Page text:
when we own 2 shares, has a greater influence on the overall return.
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Time-Weighted Return
% 66 . 5
53
2 53 54
% 10
50
2 50 53
2
1
=
+ ÷
=
=
+ ÷
=
r
r
[ (1.1) (1.0566) ]
1/2
- 1
= 7.808%
17-8
Time Weighted: Each return has equal weight in the geometric
average.
Geometric Mean:
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Performance Measurement
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Early Performance Measure Techniques
 Portfolio evaluation before 1960
 Once upon a time, investors evaluated a portfolio‟s
performance based purely on the basis of the rate of
return.
 Research in the 1960‟s showed investors how to
quantify and measure risk.
 Grouped portfolios into similar risk classes and
compared rates of return within risk classes.
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Peer Group Comparisons

 This is the most common manner of evaluating
portfolio managers.
 Collects returns of a representative universe of
investors over a period of time and displays them in a
box plot format.
 Example: “US Equity with Cash” relative to peer
universe of US domestic equity managers.
 Issue: There is no explicit adjustment for risk. Risk is
only considered implicitly.

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Treynor Portfolio Performance Measure
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Treynor (1965)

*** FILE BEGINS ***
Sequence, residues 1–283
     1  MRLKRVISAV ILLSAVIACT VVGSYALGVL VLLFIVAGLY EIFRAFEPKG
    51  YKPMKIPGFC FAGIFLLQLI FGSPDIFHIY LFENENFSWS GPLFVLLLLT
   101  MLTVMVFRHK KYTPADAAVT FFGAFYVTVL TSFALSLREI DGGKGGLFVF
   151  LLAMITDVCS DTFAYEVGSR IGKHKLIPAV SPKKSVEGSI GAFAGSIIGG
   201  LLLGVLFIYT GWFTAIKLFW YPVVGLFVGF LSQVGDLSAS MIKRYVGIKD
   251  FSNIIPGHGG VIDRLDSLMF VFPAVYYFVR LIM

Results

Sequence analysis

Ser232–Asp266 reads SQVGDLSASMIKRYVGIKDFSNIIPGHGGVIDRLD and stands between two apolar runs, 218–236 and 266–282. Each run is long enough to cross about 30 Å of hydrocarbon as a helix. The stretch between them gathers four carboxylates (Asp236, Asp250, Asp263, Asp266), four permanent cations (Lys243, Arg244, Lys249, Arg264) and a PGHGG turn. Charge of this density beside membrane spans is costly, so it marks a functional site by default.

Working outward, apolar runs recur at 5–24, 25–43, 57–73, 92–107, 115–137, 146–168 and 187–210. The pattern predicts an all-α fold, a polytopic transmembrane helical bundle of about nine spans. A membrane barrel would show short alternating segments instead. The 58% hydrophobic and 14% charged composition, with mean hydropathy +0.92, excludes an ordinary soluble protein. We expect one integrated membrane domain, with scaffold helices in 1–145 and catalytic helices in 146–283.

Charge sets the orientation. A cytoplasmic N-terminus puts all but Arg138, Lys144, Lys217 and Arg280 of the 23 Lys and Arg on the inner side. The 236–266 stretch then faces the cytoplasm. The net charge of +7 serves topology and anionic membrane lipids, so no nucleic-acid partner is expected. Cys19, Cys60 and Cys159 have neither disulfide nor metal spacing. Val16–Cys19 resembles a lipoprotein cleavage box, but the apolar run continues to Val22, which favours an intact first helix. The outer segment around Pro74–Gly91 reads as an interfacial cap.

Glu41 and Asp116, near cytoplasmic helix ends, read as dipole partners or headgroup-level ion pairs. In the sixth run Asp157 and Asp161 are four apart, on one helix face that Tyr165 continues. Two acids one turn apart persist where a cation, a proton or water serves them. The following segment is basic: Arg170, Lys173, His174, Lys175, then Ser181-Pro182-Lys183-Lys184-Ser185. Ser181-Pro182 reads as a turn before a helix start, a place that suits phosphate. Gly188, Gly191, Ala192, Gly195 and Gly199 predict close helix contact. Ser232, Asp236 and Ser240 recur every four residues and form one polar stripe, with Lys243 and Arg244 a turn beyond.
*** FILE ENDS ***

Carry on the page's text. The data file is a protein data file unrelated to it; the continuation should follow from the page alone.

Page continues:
 Treynor (1965) developed the first composite measure of
portfolio performance that included risk.
 He introduced the portfolio characteristic line, which
defines a relation between the rate of return on a specific
portfolio and the rate of return on the market portfolio.


 The beta is the slope that measures the volatility of the
portfolio‟s returns relative to the market.
 Alpha represents unique returns for the portfolio.
 As the portfolio becomes diversified, unique risk
diminishes.

( )
t p p p , t M, t p,
R R c | o + + =
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A risk-adjusted measure of return that divides a portfolio's
excess return by its beta.

The Treynor Measure is given by





Treynor Measure
p
f p
p
r R
= T
|
÷
The Treynor Measure is defined using the average rate of return
for portfolio p and the risk-free asset.

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Treynor Measure
p
f p
p
r R
= T
|
÷
A larger Tp is better for all investors, regardless of their risk
preferences.

Because it adjusts returns based on systematic risk, it is the
relevant performance measure when evaluating diversified
portfolios held in separately or in combination with other
portfolios.
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Treynor Measure